What would it look like to honour differences in eating disorder recovery? Recoveries from eating disorders and eating distress are enacted in relation to discursive, material, and affective flows that open and constrain different possibilities for differently embodied people. Yet, the pull toward
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What would it look like to honour differences in eating disorder recovery? Recoveries from eating disorders and eating distress are enacted in relation to discursive, material, and affective flows that open and constrain different possibilities for differently embodied people. Yet, the pull toward establishing consensus on “what recovery is” continues to dominate the landscape of both qualitative and quantitative eating disorder recovery work. While researchers from a variety of perspectives, disciplines, and methodological traditions have sought to establish consensus on what recovery “is”, a singular definition remains elusive. Indeed, when researchers continue to adopt the same methodologies—which largely emphasize establishing patterns of sameness—the opportunity to dig into contradictions and tensions that enliven recoveries is missed. In this paper, we reflect on our experiences conducting creative, collaborative, generative research to re-write, re-design, re-draw, and otherwise re-imagine recoveries. The knowledge generated in our research is co-constructed with people with living experience of disordered/distressed eating/eating disorders who spoke back to mainstream recovery discourses (e.g., the idea that recovery is about perfection, that recovery is linear, that one is either recovered or not, that the word “recovered” encapsulates the experience, etc.). We engaged with 12 participants: four in an online group workshop and eight in individual online sessions. Participants held a variety of experiences and backgrounds from Canada, the United States, and Aotearoa New Zealand. We explored their journeys into this conversation with us, the meaning of recovery, and their thoughts on what makes recovery im/possible. Participants were offered several options for creative engagement and took up the idea of “creativity” in ways as different as the stories they shared. Participants created collages, short stories, poems, drawings, and told stories about their experiences. Here, we discuss methodological insights gained from asking participants to lead the creative process. We also explore how this project potentially enables different ways of thinking about and doing eating disorder recovery. Delving into the differences in both method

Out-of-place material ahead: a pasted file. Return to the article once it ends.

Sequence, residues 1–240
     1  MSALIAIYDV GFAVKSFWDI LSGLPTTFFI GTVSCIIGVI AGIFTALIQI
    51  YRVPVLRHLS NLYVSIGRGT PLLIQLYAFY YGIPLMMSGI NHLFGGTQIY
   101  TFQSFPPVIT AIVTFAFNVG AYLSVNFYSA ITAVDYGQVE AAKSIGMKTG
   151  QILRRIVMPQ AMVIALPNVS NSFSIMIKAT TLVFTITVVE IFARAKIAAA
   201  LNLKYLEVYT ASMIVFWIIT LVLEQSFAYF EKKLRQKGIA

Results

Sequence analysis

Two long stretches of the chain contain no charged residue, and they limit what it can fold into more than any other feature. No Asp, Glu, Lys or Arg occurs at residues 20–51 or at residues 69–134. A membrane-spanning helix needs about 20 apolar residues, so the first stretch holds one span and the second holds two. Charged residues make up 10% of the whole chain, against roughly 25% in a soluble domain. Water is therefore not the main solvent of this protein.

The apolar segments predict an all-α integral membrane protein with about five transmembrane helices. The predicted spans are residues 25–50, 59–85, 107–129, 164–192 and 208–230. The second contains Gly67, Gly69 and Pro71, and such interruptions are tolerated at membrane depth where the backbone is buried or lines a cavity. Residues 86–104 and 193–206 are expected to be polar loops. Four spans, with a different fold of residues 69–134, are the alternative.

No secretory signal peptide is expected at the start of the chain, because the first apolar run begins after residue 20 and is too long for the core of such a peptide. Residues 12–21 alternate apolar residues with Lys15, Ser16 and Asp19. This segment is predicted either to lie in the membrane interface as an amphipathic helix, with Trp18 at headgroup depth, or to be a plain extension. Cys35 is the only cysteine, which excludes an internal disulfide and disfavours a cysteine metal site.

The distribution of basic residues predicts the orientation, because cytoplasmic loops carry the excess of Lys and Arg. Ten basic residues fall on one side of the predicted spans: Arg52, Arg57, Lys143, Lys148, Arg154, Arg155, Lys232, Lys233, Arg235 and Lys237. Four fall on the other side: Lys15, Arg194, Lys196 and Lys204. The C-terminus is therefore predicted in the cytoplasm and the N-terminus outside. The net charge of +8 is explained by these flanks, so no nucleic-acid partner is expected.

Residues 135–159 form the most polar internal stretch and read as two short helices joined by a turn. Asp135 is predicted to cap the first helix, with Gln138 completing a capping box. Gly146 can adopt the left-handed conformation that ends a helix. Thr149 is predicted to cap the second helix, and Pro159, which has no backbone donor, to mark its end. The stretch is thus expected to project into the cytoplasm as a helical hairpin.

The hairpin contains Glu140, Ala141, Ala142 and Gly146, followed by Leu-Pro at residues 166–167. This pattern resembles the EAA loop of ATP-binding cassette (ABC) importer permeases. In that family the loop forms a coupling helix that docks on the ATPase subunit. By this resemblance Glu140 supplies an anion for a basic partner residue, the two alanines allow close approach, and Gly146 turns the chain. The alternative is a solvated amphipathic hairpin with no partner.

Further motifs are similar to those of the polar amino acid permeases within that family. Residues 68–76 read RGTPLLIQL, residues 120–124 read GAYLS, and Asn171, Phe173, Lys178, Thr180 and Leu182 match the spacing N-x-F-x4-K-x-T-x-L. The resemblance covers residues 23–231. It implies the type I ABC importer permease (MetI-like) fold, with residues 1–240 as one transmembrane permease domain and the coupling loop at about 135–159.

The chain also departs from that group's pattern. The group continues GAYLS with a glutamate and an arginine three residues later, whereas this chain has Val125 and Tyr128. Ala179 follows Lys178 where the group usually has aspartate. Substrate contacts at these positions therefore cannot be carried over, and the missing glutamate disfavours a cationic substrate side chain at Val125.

opens up opportunities to take seriously the different relational, material, and affective constellations of participants’ living experiences of eating distress/disorder “recovery”.